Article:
In the Forest

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Sam at last comes to terms with who she has become at the pull of a trigger. This is a descriptive scene I imagined for a character surviving in a post-apocalyptic world. It appeared in the Winter 2015-2016 issue of The Worcester Journal.

The silence of the dawn hung on the wisp of a fragile breath. The cool of the night, wet and heavy with a slow, steady rain, sank into emerald moss as though to quench a great thirst that had hollowed the earth. The water in the air settled with dense wings around her body. She lay supine in a small hollow. The world was cast in grays, hanging, suspended between time. Tendrils of ether that promised something whispered blurred the crossroads between heaven and hell. The darkness of a jade so deep it was endless slipped between the black, soaking trees. The slightest drip, drip, drip stilled the world with a gentle metronome.

Waiting...

Sam took in a long, slow breath. The earth was in her skin, the water in her hair. She sank down deep into the forest’s bosom. She was a petrified lover stupefied and naked beneath her damp jeans and heavy jacket. A chill had settled deep in her bones, aching her joints with sweet motionlessness. For hours she lay there, still.

Eyes wide open.

Thoughts of blood and the smell of animal singed her memory. The nausea she had once felt was now a thrill, a hunger deep in the pit of a barren stomach. She shivered in the atoms of her being to think of the kill she would take today, in the hours before the sun’s still birth. The grays began to creep, ailing into shades of gossamer white that turned the watered blacks to sleek slate.

Her heart was steady. The rifle nestled into her shoulder was as solid as the world she gripped. Her hands were numb, but they were poised to the hair-trigger of an instinct. Her eyes flickered and, as the forest woke, Sam felt it all in the core of her spine. Soon, she would know it in every hidden place of her body.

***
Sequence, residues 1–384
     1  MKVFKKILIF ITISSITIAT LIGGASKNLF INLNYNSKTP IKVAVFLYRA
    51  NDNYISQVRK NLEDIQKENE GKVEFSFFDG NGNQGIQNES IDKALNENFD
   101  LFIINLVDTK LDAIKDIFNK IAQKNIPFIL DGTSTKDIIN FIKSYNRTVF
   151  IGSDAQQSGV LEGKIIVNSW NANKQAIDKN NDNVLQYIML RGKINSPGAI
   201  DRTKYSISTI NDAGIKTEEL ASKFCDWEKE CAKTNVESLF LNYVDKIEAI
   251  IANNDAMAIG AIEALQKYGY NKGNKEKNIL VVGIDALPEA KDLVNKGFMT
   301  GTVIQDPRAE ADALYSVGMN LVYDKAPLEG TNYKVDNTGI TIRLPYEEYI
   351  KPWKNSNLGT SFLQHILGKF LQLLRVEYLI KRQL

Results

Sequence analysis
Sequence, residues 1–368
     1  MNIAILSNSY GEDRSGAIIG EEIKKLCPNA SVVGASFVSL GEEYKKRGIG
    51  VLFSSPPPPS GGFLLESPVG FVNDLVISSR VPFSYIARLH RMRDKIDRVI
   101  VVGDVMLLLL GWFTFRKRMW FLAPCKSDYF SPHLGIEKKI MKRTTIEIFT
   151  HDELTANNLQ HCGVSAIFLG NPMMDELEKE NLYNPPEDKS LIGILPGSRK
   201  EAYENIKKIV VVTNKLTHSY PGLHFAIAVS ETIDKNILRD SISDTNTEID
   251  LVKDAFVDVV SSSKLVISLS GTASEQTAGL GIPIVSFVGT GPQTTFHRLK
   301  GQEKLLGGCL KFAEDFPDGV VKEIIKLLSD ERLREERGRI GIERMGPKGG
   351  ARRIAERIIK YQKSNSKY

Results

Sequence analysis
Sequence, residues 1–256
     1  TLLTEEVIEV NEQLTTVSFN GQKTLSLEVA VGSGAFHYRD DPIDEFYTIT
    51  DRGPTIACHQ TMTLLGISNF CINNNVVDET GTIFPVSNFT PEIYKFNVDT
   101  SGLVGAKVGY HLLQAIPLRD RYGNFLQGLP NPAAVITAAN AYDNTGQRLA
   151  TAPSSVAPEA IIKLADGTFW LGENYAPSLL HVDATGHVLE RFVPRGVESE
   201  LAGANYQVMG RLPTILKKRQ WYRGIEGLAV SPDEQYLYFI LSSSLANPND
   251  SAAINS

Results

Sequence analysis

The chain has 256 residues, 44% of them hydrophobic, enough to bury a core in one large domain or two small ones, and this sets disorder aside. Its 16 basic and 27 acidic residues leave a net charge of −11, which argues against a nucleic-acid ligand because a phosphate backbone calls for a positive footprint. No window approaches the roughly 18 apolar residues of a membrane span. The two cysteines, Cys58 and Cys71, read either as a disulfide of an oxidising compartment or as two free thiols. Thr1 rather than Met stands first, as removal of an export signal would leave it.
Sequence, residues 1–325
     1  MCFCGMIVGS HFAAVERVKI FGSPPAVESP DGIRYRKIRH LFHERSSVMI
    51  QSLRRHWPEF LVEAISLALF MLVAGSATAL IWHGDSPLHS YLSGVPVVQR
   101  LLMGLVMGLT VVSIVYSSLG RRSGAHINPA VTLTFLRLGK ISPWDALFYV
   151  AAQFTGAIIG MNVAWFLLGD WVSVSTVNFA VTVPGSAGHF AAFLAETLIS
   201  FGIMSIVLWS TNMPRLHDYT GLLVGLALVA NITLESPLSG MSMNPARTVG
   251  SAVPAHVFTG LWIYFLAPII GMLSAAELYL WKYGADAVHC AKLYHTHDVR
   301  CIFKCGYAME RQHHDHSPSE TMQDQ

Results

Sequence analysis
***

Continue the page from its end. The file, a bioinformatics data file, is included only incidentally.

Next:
She stepped into the small depression where once a river had run to sip at the sweet, pure trickle of the rain-swollen creek. She was small and lean, with a long, elegant neck. Her eyes were as black and smooth as river stones nestled in fertile mud. The rain had mussed her auburn coat and Sam could imagine where the small fawn that would never be would nestle into its mother’s softly rising side.

The doe dipped her head to drink. Further down, her herd materialized like memories from the wet underbrush. Sam inhaled, exhaled, and her wrist creaked as she readjusted her scope. She watched the large ears of the doe flicker this way and that, listening to birdsong and the water that drip...drip...dripped. Five in all, with a handsome buck. The doe moved to sip from a deeper pool and the smallest flicker of her tail flashed white.

The bang sent the deer wild. They scattered like leaves. Gone, like the ghosts they were, they left their sister to bleed. Sam bowed her head to the earth and trembled. It was a goliathan effort to rise to her feet after being one with the soil for so long. Her clothes weighed ten thousand pounds and she could feel rivets of water warmed from her body running down the inside of her thighs.

Her hands shaking, heart pounding, she shouldered the heavy black rifle with the handsome cherry wood stock. Her blood was alive and the wetness in the back of her mouth began to slick her tongue as she picked her way carefully to where the doe had dropped. Fifty yards and the blood smelled rich as it soaked into the earth.

Sam knelt to rest a hand on the still-warm shoulder. The small black hole that wept had punched through the heart, neat and clean. The doe’s lovely onyx eyes were still opened wide, staring now at a place Sam could not see. She settled her rifle and drew rope from her pack. The doe was small. She tied it at the rear hooves and began to pull. Sam dragged the warm carcass from the small creek. With one end of her rope anchored by a small rock, she tossed it over a tree that suited her purpose and began to pull.

The sun had risen and the world was gray as though it meant to snow. The fog still moved in careful steps as it circled between the trees. It hung back with nervous witness as the sweet child of the wood was strung up to drain. Sam drew her large knife across the doe’s supple neck, quick and hard, just as she had been taught. The red-red water flowed sweet and heavy. The smell was toxic. Sam took a small breath and closed her eyes, her red-red knife held with white-white fingers.

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